• Strategy: do I have the right strategies? If I don’t, how will I acquire them? By myself or with support?

What did you discover? Will your answers help you to be more productive by finding a helpful level of challenge? And if your level of challenge has been too high or too low, can you see why?

6) Productive transformation

Finally, the sixth way to be productive is by having what I call a helpful approach to transformation. Having a helpful approach to transformation creates a virtuous circle. It puts us on the right journey for our desired destination by creating the conditions we need to be productive. And by helping us to be productive, it makes our journeys successful maximising our chances of reaching our desired destinations. So what does a helpful approach to transformation look like, one that maximises our chances of being highly productive? Below are listed the qualities and characteristics of a helpful approach and underneath those of an unhelpful approach (so you can compare the two).

A helpful approach to transformation

  • Acceptance of one’s current reality and a commitment to doing what it takes
  • Time and patience
  • Positivity – towards oneself and from others
  • Self-belief and trust in one’s abilities
  • Turning setbacks into opportunities
  • Useful ideas, sound knowledge & effective resources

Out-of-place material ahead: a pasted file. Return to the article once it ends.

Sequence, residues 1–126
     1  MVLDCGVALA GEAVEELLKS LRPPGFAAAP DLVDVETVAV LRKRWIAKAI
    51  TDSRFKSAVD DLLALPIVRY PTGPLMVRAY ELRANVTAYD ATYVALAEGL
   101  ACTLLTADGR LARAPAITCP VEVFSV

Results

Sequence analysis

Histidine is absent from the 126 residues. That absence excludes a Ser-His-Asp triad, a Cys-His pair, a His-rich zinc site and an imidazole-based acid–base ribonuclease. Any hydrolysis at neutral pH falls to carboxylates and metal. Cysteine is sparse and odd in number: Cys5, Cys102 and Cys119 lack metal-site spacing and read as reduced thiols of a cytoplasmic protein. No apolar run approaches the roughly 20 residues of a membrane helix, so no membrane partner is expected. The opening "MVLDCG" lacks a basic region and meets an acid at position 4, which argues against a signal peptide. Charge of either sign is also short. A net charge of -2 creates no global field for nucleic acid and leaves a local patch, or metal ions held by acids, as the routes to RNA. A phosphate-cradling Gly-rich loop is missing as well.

• Skills – practice and repetition
  • Alignment of realistic goals with effective strategies
  • The right type of support and encouragement
  • Positive emotions that help rather than hinder
  • A resilient mindset

A unhelpful approach to transformation

  • Impatience and the need for a ‘quick fix’
  • Unrealistic goals and expectations
  • Low self-esteem/self-worth
  • Perfectionism, self-sabotage & self-criticism
  • A lack of knowledge, information and resources
  • Erroneous ideas
  • A lack of self-belief
  • Poor motivation
  • The right goal, but the wrong strategy
  • Not enough support or the wrong type of support
  • Difficult emotions such as fear, anxiety or depression

Getting support to be more productive in life

I hope you have enjoyed my blog, How can I be more productive in life? If you would like support to be more productive, I’d love to hear from you. My IMPACT Model and IMPACT Programmes can help you be as productive in life as you need and want to be.

To book an initial consultation, visit my Make a Booking page. You will have the opportunity to tell me about what you are going through and find out how I can support you. Even if you choose not to work with me, I promise your consultation will give you more ideas, knowledge and insight than you had before.